With various economic indicators looking less bad than many feared, there are plenty of manufacturers contemplating whether their supply chain will cope with a potential upsurge this year.
After all, in most businesses there are few crimes worse than missing out on sales from not being able to keep pace with demand. The airlines and airports, and their ongoing capacity problems are a high-profile example of how things can go badly wrong if you misjudge how long it takes to reactivate your whole supply chain ahead of a bounce-back.
No doubt most manufacturers feel they are doing all they can to ensure the robustness of their supply chain. But I have to say in my experience few are doing all they should and may well come a cropper when demand picks up.
The first area that separates those that are strong performers from the rest, is whether the organization is simply managing its own supply points, or is it managing the whole end-to-end supply chain. Most do the former, but leaders in this area ‘look over the horizon’ beyond their immediate suppliers to their suppliers’ suppliers… in fact, the whole ‘end-to-end’ supply chain, including logistics and warehousing space, to model the E2E constraints and reflect the ever-changing environment.
Robust demand plan
If you are to successfully manage your whole supply chain, the two key components that are essential, but often missing, are a robust demand plan and adequate strategic plans.
Many demand plans internally lack credibility. For instance, many corporates have cultures that reward departments who set low targets and then overperform against plan, regardless of the consequences for other parts of the business. In addition, where plans are not reliable, other parts of the business second-guess it – for instance over-ordering stock because of previous systematic under-reporting of demand and over selling.
If you’re going to manage your whole supply chain, you can’t work on the basis of ‘demand plan plus guestimate’. Your demand plan needs to be unbiased, credible and widely communicated within your organization… and corporate behaviors that undermine accuracy, which invariably stem from senior behavior, need to be tackled..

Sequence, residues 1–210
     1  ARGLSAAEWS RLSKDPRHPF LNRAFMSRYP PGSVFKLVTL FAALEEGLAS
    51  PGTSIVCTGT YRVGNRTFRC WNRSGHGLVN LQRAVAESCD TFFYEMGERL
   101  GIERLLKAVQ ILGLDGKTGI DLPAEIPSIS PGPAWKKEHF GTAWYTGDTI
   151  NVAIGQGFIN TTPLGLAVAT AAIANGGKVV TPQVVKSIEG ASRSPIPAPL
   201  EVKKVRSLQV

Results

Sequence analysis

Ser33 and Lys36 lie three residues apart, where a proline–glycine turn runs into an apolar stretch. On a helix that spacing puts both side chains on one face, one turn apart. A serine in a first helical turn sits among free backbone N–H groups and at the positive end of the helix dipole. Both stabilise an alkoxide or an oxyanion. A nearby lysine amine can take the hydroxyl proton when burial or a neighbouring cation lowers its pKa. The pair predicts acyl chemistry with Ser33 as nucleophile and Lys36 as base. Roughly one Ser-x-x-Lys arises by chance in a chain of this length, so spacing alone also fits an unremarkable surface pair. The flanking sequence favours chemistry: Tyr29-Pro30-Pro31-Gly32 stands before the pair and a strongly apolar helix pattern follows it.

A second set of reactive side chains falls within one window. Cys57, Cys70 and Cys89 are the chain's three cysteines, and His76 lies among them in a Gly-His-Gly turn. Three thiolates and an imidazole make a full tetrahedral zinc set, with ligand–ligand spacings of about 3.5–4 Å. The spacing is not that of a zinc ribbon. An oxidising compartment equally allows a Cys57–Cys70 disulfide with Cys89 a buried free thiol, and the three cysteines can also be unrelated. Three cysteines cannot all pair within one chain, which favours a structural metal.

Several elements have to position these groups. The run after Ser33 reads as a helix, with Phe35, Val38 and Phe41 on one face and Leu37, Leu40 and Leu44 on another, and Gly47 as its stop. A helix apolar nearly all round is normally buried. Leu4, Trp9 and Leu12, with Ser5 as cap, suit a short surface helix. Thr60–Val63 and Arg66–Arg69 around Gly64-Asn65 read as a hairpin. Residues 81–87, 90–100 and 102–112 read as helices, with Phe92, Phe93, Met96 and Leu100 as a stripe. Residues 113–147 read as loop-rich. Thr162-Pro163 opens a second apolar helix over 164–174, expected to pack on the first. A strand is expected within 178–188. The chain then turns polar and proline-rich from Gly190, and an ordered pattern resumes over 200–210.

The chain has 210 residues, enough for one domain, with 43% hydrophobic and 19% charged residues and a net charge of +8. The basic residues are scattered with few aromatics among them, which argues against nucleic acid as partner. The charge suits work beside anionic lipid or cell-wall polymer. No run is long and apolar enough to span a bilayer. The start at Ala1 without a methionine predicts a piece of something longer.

Of course, the demand plan isn’t just about the short-term. It needs to be for 24-months or more if you are to be confident that your supply chain will cope if you are expecting a rapid demand increase or an acquisition, for instance.
Without this you will not know if your suppliers have the capacity or capability for your future plans given the long lead-in time, for instance for finding new people with different capabilities or buying capital equipment. Given the shortage of warehousing and lead times of up to two years, are your logistics partners going to cope? Do you know if there is a ‘gorilla’ somewhere in your extended supply chain who is vital for you, but not vice versa, that could thwart your plans through withdrawing supply or simply not increasing it?
Most importantly, given the future is always uncertain, do you know your demand plan for different scenarios that need to be modelled in the supply chain?
Being prepared for nasty and indeed pleasant surprises is the third key element for managing the whole supply chain – has the senior leadership team taken the time to identify different scenarios and discuss carefully how all parts of the business, and indeed your whole supply chain, would fare in each case?
From having advised numerous manufacturers, I can honestly say such discussions are the single most important factor to successfully delivering a long-term strategy, and businesses whose leadership fail to do this, usually from constant short-term fire-fighting, have little chance of managing their whole supply chain as they won’t see the problems coming until it is too late. We cannot predict the future, but we certainly can be preparing to ensure being in the best position to know how to react!
The ability to manage business partners, especially indirect ones, involves sharing data and discussing ‘what ifs’ based on your demand plans for different scenarios. But this is difficult for organizations who lack confidence in their own demand plans, and also for those too engaged with short-term problems rather than longer-term strategic planning.
Managing the whole supply chain end-to-end is vital for delivering a business strategy, and those that do it successfully are those manufacturers with leadership teams who have created the pillars for success – a clear strategy, thorough discussions on how different scenarios will impact the whole business, and a credible demand plan that is for at least two years, not just the next few months.
Les Brookes is a Partner at management consultants Oliver Wight EAME. Oliver Wight is a world leader in IBP consulting (Integrated Business Planning). Its approach is quite different from other consultancy firms. Its industry experts transfer knowledge to clients through coaching, mentoring and education workshops, so they learn how to make improvements themselves.